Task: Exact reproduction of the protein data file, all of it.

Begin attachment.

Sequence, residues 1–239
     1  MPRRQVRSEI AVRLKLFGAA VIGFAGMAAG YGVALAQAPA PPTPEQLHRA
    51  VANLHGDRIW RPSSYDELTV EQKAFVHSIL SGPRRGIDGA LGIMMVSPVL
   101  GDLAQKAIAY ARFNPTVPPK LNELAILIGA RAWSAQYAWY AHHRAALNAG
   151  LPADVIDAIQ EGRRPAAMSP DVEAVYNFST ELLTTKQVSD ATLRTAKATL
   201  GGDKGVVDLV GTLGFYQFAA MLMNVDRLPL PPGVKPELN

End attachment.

Sequence, residues 1–239
     1  MPRRQVRSEI AVRLKLFGAA VIGFAGMAAG YGVALAQAPA PPTPEQLHRA
    51  VANLHGDRIW RPSSYDELTV EQKAFVHSIL SGPRRGIDGA LGIMMVSPVL
   101  GDLAQKAIAY ARFNPTVPPK LNELAILIGA RAWSAQYAWY AHHRAALNAG
   151  LPADVIDAIQ EGRRPAAMSP DVEAVYNFST ELLTTKQVSD ATLRTAKATL
   201  GGDKGVVDLV GTLGFYQFAA MLMNVDRLPL PPGVKPELN